• processes for ensuring that management are aware of their responsibilities to maintain the confidentiality of a disclosure, address the risks of isolation or harassment, manage conflicts, and ensure fairness when managing the performance of, or taking other management action relating to, a discloser;
• procedures on how a discloser can lodge a complaint if they have suffered detriment, and the actions the organisation may take in response to such complaints (e.g. the complaint could be investigated as a separate matter by an officer who is not involved in dealing with disclosures and the investigation findings will be provided to the board or audit or risk committee); and
• interventions for protecting a discloser if detriment has already occurred - for example, the organisation could investigate and address the detrimental conduct, such as by taking disciplinary action, or the organisation could allow the discloser to take extended leave, develop a career development plan for the discloser that includes new training and career opportunities, or offer compensation or other remedies.
A discloser may seek independent legal advice or contact regulatory bodies, such as ASIC, APRA or the
ATO, if they believe they have suffered detriment.
3. Civil, criminal and administrative liability protection
A discloser is protected from any of the following in relation to their disclosure:
a) civil liability (e.g. any legal action against the discloser for breach of an employment contract, duty of confidentiality or another contractual obligation);
b) criminal liability (e.g. attempted prosecution of the discloser for unlawfully releasing information, or other use of the disclosure against the discloser in a prosecution (other than for making a false disclosure); and
c) administrative liability (e.g. disciplinary action for making the disclosure).
These protections do not grant immunity for any misconduct a discloser has engaged in that is revealed in
The Society will implement the following measures and mechanisms to protect the confidentiality of a
1. Reducing the risk that the discloser will be identified from the information contained in a disclosure
• all personal information or reference to the discloser witnessing an event will be redacted;
• the discloser will be referred to in a gender-neutral context;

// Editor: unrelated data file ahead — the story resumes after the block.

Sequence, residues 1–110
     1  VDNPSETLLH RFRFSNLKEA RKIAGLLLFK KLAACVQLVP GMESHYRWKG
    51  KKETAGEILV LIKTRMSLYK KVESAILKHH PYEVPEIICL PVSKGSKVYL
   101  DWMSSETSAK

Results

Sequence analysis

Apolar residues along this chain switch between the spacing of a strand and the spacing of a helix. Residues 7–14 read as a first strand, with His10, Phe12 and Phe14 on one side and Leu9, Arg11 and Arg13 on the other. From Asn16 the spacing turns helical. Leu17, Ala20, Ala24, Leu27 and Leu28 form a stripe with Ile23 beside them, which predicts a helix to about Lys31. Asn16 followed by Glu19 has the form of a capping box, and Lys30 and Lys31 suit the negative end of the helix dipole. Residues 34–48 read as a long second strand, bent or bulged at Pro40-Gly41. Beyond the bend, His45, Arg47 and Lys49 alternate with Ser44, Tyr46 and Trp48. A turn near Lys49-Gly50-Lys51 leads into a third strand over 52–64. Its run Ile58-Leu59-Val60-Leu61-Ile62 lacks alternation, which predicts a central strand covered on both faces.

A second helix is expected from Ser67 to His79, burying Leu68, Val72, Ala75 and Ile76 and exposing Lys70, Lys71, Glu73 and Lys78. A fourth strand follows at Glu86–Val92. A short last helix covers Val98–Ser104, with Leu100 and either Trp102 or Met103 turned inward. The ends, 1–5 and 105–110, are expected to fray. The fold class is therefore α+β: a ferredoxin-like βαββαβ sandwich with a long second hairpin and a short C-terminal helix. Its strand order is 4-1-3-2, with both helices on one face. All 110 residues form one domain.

• where possible, the discloser will be contacted to help identify certain aspects of their disclosure that could inadvertently identify them; and
• disclosures will be handled and investigated by qualified persons.
2. Secure record-keeping and information-sharing processes including:
• all paper and electronic documents and other materials relating to disclosures will be stored securely;
• access to all information relating to a disclosure will be limited to those directly involved in managing and investigating the disclosure;
• only a restricted number of people who are directly involved in handling and investigating a disclosure will be made aware of a discloser’s identity (subject to the discloser’s consent) or information that is likely to lead to the identification of the discloser;
• communications and documents relating to the investigation of a disclosure will not to be sent to an email address or to a printer that can be accessed by other staff; and
• each person who is involved in handling and investigating a disclosure will be reminded about the confidentiality requirements, including that an unauthorised disclosure of a discloser’s identity may be a criminal offence.
A discloser (or any other director, member, employee, volunteer or person) can seek compensation and
other remedies through the courts if:
a) they suffer loss, damage or injury because of a disclosure; and
b) the Society failed to take reasonable precautions and exercise due diligence to prevent the detrimental conduct.
Disclosers to seek independent legal advice in relation to compensation and other remedies.
The Society will take the following steps after it receives a disclosure:
• all disclosures will be considered seriously;
• an internal investigation of the facts of the case will be conducted by the WPO to verify the details of the allegation(s) made and to determine whether further action is to be taken;
• an internal investigation will be undertaken where the matter does not necessitate a police investigation (i.e. it does not involve a criminal matter); and
• when a report is received, the WPO will use their discretion to decide whether legal advice is required.
The Society will assess each disclosure to determine whether it qualifies for protection and whether a formal, in-depth investigation is required.
The Society will take the steps detailed below:
1. The Eligible Recipient receives the complaint and officially records and then directs the matter to the Whistleblower Protection Officer outlining any alleged misconduct. The person/s who are the subject of the complaint will then be notified, so that they may present their case.